The retail mortgage market generally is very competitive, so the difference between the Freddie Mac Survey 30-year mortgage rate (the retail price) and the yield on Fannie or Freddie mortgage-backed securities (the wholesale price) reflects the gross profit margin available to a mortgage originator. This must cover marketing costs, short-term financing costs, other overheads and compensation for risk; net profit is what is left over.
Even without knowing the exact fixed costs, it’s clear that for whatever reason, mortgage originators have not gone back to business as usual by any stretch. That’s in stark contrast to the MBS market, where the Fed is actively buying billions of dollars of debt each month to bring yields in line with their historical spread to Treasuries.
Here’s a chart dating back to 2007 that shows the spread between the headline 30-year mortgage rate (3.01%) and the benchmark 30-year MBS yield (1.43%). At about 160 basis points, it remains almost twice the historical average and higher than just about any time during the record U.S. economic expansion:
By contrast, here’s the spread between that same 30-year MBS yield (1.43%) and the 10-year Treasury yield (0.59%). Thanks to swift central bank intervention, that difference is now just 84 basis points, lower than the historical average and a smaller gap than what was seen in the final months of 2019:
In that June report, Emmons at the St. Louis Fed concluded that the historically wide primary-market spreads should revert to a more normal level “in the near future,” which could push the 30-year mortgage rate down 50 basis points or more. Instead, that gap has widened slightly since mid-June, while the secondary-market spread has dropped by about seven basis points.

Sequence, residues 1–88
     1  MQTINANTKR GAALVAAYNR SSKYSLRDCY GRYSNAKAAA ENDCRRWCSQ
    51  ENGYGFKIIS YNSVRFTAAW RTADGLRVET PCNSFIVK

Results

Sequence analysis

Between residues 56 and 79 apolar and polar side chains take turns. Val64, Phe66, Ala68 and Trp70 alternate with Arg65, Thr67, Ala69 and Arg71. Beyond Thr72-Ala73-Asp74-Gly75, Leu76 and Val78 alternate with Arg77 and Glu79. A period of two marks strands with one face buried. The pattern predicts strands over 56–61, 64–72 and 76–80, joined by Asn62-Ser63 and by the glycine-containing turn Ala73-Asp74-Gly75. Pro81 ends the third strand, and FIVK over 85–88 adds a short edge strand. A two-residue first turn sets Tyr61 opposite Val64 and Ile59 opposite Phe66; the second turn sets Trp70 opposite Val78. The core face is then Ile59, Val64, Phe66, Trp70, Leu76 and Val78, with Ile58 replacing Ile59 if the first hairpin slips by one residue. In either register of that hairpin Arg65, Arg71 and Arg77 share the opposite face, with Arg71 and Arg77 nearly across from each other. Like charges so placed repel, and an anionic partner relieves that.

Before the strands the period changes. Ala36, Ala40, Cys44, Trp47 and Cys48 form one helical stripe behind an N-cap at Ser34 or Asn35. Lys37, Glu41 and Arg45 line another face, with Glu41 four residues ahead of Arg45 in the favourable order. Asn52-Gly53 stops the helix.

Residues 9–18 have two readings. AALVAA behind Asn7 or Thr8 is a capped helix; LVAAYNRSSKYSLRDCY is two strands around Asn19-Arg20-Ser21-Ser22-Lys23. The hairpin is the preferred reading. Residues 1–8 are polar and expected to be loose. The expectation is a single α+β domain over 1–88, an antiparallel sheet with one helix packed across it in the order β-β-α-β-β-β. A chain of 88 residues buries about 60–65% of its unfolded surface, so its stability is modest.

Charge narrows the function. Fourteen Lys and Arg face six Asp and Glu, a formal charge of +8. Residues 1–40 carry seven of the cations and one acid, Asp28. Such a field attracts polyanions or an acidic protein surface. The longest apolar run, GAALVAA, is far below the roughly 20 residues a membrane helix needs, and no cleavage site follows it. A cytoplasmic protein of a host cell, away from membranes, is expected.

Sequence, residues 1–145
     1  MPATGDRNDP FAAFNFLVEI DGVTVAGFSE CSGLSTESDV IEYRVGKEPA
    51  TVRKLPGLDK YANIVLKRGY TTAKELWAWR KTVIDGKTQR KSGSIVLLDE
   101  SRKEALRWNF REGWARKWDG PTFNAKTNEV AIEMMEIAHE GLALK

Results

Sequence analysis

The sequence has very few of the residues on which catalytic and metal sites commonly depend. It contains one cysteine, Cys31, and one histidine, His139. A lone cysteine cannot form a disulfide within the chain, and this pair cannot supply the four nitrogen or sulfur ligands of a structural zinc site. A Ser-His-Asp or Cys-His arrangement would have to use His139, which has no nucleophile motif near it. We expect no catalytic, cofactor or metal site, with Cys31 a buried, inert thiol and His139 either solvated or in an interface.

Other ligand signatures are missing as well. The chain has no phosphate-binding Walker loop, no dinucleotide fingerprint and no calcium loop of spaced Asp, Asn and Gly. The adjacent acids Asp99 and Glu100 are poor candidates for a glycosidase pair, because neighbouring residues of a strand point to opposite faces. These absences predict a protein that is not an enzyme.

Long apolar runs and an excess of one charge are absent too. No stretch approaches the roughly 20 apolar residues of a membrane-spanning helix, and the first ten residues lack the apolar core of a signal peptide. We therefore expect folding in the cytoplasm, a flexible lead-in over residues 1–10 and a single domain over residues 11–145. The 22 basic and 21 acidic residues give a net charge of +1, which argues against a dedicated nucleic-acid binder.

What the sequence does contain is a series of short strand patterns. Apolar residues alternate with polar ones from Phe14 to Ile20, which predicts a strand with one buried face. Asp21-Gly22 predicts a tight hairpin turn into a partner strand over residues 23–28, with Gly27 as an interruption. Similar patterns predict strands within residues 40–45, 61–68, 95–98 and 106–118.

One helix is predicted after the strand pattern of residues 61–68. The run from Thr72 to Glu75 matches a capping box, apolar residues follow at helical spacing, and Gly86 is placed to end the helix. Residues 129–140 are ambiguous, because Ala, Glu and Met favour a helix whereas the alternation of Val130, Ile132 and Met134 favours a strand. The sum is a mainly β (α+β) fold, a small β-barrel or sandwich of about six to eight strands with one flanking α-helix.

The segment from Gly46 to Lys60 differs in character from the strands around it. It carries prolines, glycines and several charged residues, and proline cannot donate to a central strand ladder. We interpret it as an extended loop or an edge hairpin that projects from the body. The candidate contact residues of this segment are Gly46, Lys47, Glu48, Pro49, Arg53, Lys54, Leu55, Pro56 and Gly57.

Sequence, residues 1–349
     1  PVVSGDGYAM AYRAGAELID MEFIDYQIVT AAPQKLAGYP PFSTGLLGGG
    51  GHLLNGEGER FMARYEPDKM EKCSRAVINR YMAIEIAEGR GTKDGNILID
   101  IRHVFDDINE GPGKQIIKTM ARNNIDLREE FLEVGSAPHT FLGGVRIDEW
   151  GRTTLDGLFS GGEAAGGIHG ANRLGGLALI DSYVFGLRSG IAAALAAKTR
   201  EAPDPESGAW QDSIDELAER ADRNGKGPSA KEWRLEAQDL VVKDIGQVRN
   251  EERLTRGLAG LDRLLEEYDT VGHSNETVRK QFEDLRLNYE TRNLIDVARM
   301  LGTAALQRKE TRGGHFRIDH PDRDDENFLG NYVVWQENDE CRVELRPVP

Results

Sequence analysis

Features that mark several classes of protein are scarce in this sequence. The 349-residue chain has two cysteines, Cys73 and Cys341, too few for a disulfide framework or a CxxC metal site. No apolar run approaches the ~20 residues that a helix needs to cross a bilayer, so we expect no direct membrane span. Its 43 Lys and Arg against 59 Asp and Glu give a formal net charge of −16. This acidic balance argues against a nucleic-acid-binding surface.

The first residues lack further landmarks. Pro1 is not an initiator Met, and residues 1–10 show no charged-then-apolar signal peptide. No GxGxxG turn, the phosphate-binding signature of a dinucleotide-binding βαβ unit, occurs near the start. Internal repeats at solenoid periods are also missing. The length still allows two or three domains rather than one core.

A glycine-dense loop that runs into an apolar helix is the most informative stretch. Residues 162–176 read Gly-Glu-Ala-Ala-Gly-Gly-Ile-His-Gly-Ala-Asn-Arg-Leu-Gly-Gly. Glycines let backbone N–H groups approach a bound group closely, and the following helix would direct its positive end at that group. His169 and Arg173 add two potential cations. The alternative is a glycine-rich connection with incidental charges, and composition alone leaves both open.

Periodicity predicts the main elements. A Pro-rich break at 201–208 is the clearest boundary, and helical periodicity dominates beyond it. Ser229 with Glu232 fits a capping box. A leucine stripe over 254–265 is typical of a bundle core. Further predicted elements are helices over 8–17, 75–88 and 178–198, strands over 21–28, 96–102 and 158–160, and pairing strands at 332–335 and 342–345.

Now, it’s still early days in this most unusual economic downturn, and perhaps it’s only a matter of time before mortgage originators capitulate and steadily offer rates lower than 3%. But the business has never faced long-term U.S. yields this low before. It’s telling that the lowest coupon on a 30-year MBS is still 2%, while the U.S. Treasury has auctioned 30-year bonds with 1.25% coupons for months.
JPMorgan Chase & Co. Chief Executive Officer Jamie Dimon, in typical fashion, launched into a monologue against mortgage regulations during the bank’s second-quarter earnings call earlier this month. He said the reason mortgage rates aren’t 1.6% or 1.8% “is because the cost of servicing and origination is so high, it’s obviously got to be passed through — it’s high because enormous amount of rules and regulations are put in place that do not create safety and soundness.”
On the one hand, the subprime mortgage crisis is still fresh in the minds of the Fed and other financial regulators, so it seems unlikely to expect a drastic loosening of rules around lending. And yet lower mortgage rates are a crucial way that easier monetary policy reaches the American public. The central bank’s asset purchases have mostly done what they can by normalizing that secondary-market yield spread between MBS and Treasuries.
That suggests the next leg lower in mortgage rates would have to come from originators settling for less than 3%. It’s hard to imagine that happening on a widespread level, given the murky economic outlook. Banks, for their part, are clearly bracing for turbulence ahead, with some $35 billion set aside for bad loans.
Put it all together, and the conclusion is the same as it was months ago: Barring an unexpected change in regulations or a way past the coronavirus pandemic, this looks as if it could be about as good as it gets for mortgage rates.
This column does not necessarily reflect the opinion of the editorial board or Bloomberg LP and its owners.
Brian Chappatta is a Bloomberg Opinion columnist covering debt markets. He previously covered bonds for Bloomberg News. He is also a CFA charterholder.